Before Nashville was filled with cocktail bars, award-winning restaurants and hipster-friendly coffee shops, Deb Paquette was on the culinary scene as the first woman in Tennessee to qualify as a certified executive chef. Three decades later, she’s still there, helming the kitchen at her restaurants,Etch andetc., and mentoring a cadre of chefs along the way.
Her love of ingredients, both in food and cocktails, is evident, as is her love of travel, apparent in her globally inspired menu (and dream of living on a tropical island). Paquette talks about finding a way to squeeze citrus into anything, her growing bourbon collection and what she looks for in a bartender.
Paquette thinks grapefruit mixes well with any spirit.
What’s your cocktail of choice?
I’m a big grapefruit juice fan—I’m from South Florida; I love it. I’ll drink something with vodka or tequila with grapefruit … and I’ll usually water it down with a little soda water. I’m not big on mezcal; it’s too smoky and doesn’t go well with grapefruit juice. [Laughs]
Has food inspired a cocktail for you? Or has a cocktail ever inspired a dish you created?
Yes! There are so many liqueurs and flavoring agents—I’ve used a lot of them in salad dressings, like artichoke liqueur [Cynar]. My mind will kind of expand with wondering how I can use all of these in food. We try to create chef-inspired cocktails, using ingredients we use in the food department, in the bar department. Like, at one restaurant, we make a Moroccan harissa cranberry simple syrup that we serve with bourbon in a cocktail. That idea comes from making harissa cranberries to garnish our food; we use the reduction in the simple syrup, and the drink is reallygood. It’s hot, spicy and fruity.
You’ve opened restaurants over the past 30 years. What’s changed the most?
Restaurants all have bar programs. Before, it used to be an afterthought. Now it’s not just a cocktail list, it’s also having a bourbon menu. We have a lot more choices; we have wine from around the world.… I don’t know where I’d be without Google. There’s so much to choose from, and you can’t have it all, so you research.
At my house, we have like 40 bourbons, and a few years ago, I didn’t even drink bourbon! [My husband and I] have both become bourbon drinkers. We do it for the art of the bourbon, so we know what we like.… We’re learning.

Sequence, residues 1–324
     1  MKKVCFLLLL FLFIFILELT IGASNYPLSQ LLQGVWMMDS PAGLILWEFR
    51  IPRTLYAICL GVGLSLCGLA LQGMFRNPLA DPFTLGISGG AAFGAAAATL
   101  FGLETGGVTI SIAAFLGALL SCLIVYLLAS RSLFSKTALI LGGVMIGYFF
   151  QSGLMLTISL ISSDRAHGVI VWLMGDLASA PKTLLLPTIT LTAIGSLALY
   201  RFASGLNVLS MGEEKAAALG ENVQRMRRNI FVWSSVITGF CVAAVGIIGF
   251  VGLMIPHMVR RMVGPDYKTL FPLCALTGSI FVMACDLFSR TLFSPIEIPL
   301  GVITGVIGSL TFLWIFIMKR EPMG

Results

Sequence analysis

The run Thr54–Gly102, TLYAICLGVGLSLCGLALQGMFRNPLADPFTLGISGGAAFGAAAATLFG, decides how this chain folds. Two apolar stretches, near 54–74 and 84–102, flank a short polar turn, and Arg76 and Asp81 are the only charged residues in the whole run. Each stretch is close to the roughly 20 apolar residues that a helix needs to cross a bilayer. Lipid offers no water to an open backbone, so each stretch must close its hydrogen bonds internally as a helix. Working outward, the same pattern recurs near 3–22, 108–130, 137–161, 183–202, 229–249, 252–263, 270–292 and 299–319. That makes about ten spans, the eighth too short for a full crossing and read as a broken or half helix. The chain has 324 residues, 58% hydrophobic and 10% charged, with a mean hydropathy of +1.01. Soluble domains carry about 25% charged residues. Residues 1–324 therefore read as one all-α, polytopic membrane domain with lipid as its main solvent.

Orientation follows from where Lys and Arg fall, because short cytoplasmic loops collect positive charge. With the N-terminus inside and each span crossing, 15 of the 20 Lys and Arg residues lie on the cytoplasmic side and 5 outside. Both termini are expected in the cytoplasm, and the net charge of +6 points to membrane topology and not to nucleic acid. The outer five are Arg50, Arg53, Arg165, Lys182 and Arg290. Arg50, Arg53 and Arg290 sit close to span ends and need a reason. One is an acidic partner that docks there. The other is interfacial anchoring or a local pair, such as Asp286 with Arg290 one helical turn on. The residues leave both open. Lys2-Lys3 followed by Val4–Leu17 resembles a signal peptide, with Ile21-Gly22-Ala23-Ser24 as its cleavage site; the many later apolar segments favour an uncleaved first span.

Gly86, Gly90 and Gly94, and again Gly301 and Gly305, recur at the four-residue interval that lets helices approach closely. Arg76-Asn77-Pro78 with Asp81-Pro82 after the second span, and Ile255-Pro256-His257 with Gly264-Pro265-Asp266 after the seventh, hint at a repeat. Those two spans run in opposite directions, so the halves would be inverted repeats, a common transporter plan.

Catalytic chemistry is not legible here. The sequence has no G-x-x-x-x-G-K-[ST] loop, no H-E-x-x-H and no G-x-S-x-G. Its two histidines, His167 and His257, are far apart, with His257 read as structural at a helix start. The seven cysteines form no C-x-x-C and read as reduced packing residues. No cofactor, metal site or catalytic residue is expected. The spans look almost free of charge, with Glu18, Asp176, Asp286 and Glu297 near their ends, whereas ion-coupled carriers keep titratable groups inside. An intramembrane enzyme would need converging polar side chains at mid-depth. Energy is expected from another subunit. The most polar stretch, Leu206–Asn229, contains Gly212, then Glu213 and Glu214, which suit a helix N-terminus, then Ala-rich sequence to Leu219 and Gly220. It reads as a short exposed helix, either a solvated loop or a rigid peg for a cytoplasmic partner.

Paquette likes Angel’s Envy and W.L. Weller 12-year-old when going for bourbon.
Are you a bourbon snob? Any favorites?
I likeW.L. Weller 12-year-old andAngel’s Envy. I even drink grapefruit and bourbon. I’m not a bourbon snob, but I’m a grapefruit snob. [Laughs] It has to be fresh-squeezed, and it must be ruby red.
Nashville has clearly exploded as a food city, but how has it changed as a drinking city? Has the cocktail scene caught up to the food scene?
It has incredibly changed. There’s a place here calledThe Patterson House, and they really drove in the cocktail scene. Now there isn’t a restaurant in town that doesn’t have a cocktail list with eight to 12 specialty drinks that play off the food.
The bar at etc.
What do you look for in a bartender, both as a patron and when you’re hiring someone?
They have to have a sense of humor; they have to be able to lay a few jokes out. They need to be accommodating but not overwhelming. And they know their environment, like, “Where’s the nearest sushi place? Where’s the nearest pool hall?” I look at them for a source of information, not just what to drink but where to go out. And [I look for] a nice-sounding voice. Bartenders are out there in front of the public, sometimes, with more conversation than the waiter is.
Where do you go out to drink in Nashville?
I live pretty far away from work, so I usually go home, but if I go out, it’s to a restaurant so I can say hi and have a bite to eat too. I like to go toPinewood SocialandCity House, and I like a place called The Filling Station by my house. I don’t go out a lot though. … When you’re my age, you need your sleep. [Laughs]
A seasonal cocktail at etc. made with vodka, beet juice, spicy ginger beer and lemon juice
No honky-tonk-ing for you?
Been there, done that. But if I go, I’ll probably play it safe with vodka and water in those places.
So where’s your ideal place to drink?
One of my favorite bars is in the Bahamas. You stay in these guest houses, and they have everything you could possibly want: all kinds of juices, liqueurs and alcohol, like 200 bottles of stuff. You just go in, make the drinks yourself and write down what you used, and they charge you accordingly.
The Patterson House (image: CocktailWonk)
A bar on the honor system? Amazing! Maybe when you retire, you can trade in your chef’s coat for a bartender’s apron?
[Laughs]. As long as there’s a Tiki hut on the beach, that’s where I’ll be.
Paquette’s favorite drink, the Redheaded Chef (silver tequila, grapefruit juice, lime juice, agave syrup, a splash of sauvignon blanc and a garnish of cilantro and a pinch of salt), is a nod to her haircolor and love of grapefruit and is served atEtch.